My former UKOLN colleague Julie Allinson spoke about SWORD (Simple Web service Offering Repository Deposit) , work which she presented to the Open Repositories Conference in San Antonio (2007) on the Deposit API work . Julie gave some background as to how a deposit specification / protocol for use across repository platforms came into place and how JISC came to the rescue with funding to ensure that the protocols and demonstrators were developed. There really seemed a genuine buzz and interest about the work, not just in the presentation but throughout the conference.
In traditional 'minute madness' fashion, there were slightly chaotic scenes of people trying to organise the poster presenters (there were in fact 51 posters, although I do not think all of them were actually presented). I have a few vivid memories. Firstly, the huge queue of people waiting to talk. Secondly, all presenters had exactly one minute to present their poster and convince people to come to their stand in the informal poster session / wine reception afterwards. Memorable presenters included:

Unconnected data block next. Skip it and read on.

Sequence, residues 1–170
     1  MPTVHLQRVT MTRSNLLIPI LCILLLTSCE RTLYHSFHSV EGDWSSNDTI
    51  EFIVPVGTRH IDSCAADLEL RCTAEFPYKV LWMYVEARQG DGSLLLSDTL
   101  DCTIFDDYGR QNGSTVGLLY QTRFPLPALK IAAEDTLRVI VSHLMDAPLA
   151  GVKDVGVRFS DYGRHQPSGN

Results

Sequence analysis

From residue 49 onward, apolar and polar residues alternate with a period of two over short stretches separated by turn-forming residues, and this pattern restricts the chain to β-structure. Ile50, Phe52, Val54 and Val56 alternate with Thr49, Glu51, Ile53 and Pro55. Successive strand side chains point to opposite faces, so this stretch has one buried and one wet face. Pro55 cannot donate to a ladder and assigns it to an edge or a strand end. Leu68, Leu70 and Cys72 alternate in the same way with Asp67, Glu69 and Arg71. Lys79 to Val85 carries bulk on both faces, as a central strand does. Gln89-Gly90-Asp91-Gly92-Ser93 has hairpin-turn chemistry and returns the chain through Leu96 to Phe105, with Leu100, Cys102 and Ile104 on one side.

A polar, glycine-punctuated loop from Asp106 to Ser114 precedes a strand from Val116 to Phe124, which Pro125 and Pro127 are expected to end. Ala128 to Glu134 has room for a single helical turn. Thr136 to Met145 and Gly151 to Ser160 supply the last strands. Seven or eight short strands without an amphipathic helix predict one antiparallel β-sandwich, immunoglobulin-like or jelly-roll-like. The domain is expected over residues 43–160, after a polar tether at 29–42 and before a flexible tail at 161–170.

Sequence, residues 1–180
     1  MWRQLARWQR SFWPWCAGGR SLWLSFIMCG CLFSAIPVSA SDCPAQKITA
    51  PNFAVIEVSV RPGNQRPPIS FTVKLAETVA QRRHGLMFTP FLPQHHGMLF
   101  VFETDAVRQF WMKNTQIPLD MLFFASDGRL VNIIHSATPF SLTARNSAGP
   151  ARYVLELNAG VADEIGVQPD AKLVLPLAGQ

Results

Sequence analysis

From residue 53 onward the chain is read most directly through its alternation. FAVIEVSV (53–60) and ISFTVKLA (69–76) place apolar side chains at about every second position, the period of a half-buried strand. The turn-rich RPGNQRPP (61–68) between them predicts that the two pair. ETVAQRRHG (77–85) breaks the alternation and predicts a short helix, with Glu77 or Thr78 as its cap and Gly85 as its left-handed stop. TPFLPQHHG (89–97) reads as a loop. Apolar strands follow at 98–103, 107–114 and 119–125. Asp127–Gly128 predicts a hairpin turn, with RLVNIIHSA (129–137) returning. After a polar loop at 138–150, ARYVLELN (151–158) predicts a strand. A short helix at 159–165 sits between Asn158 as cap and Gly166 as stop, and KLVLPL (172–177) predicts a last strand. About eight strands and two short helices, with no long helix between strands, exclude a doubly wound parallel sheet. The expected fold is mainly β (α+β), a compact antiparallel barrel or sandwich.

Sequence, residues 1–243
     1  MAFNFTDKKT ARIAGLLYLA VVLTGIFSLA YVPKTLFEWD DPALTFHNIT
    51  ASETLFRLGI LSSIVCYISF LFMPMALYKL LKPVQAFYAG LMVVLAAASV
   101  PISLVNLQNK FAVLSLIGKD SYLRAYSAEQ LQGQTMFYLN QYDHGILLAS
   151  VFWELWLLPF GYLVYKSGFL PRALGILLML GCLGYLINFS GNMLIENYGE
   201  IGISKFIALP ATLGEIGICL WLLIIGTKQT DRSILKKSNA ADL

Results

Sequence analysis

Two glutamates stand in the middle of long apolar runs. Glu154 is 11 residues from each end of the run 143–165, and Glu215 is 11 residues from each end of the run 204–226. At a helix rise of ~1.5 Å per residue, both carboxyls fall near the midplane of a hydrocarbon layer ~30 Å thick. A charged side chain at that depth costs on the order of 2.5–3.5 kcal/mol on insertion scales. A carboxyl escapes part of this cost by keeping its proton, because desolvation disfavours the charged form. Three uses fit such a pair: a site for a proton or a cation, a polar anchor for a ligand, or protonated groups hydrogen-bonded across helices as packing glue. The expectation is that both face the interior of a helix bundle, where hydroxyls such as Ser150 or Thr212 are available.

Leonie Hayes, who gave as the chief reason for people to come to her stand the fact that she had travelled the most time zones to get to the conference, from New Zealand .
Peter Sefton, who presented and then admitted that his poster had yet to be created, but would be ready in the next hour or so for people when they came to his stand .
Pero Šipka, who told a story about a 'marriage' between SCIndeks and a national journals repository, the other partner in this 'marriage' was actually Pero's wife Biljana Kasanovic, which he only revealed at the end of the sixty seconds .